The NY Times is my news organization and it has what is described as the basic grid design. The mast (nameplate) is centered at the top and the navigation bar is on the left hand side of the page. The page has a five-column above-the-fold design and silos populate the lower half of the page.
Unity – on the page is coherent and everything has a good visual flow to it. The lead stories draw the eyes towards the large font and over-sized picture at the top of the page. Everything fits together well and nothing seems out of synch with the rest of the page.
Contrast – on the page is used very well, with larger bold print for the lead stories, a large picture in the center column that leads the reader’s eye straight to that point. Mixed in with graphics, double spacing, color and in some cases all capital letters the contrast sets the different sections and stories apart from one another on the page.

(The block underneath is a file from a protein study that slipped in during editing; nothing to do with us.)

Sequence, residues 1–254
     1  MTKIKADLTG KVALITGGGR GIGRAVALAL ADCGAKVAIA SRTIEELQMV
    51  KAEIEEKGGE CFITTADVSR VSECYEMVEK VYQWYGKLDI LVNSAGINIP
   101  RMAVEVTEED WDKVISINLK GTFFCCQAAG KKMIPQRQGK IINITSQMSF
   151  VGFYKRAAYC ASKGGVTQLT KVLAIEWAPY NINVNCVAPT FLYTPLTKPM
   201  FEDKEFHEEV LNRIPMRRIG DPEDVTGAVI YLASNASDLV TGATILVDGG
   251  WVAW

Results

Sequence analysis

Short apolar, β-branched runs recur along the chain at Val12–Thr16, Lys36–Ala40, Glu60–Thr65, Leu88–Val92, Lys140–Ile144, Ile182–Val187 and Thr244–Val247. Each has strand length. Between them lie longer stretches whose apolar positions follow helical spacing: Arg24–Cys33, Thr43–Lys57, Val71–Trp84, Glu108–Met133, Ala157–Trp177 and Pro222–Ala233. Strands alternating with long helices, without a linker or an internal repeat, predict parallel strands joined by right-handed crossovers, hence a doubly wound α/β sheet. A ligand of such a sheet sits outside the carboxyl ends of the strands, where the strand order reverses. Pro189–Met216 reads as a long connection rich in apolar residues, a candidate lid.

Hierarchy – on the pages is firmly established, the most important stories use such things as larger font sizes, over sized pictures and placement on the page to define which stories are more important.
Consistency – on the pages shows throughout with all headlines using bold type regardless of size. The same fonts are used throughout and the same page structure is consistent on all pages.
The one thing that I think the NYT does best is something that it actually doesn’t do. It doesn’t make you wade through fly-outs or intrusive adverting before you can see the articles and get the information you came to the site for. I believe the NYT definitely has the right idea and the way to improve is by continuing to do more of the same thing.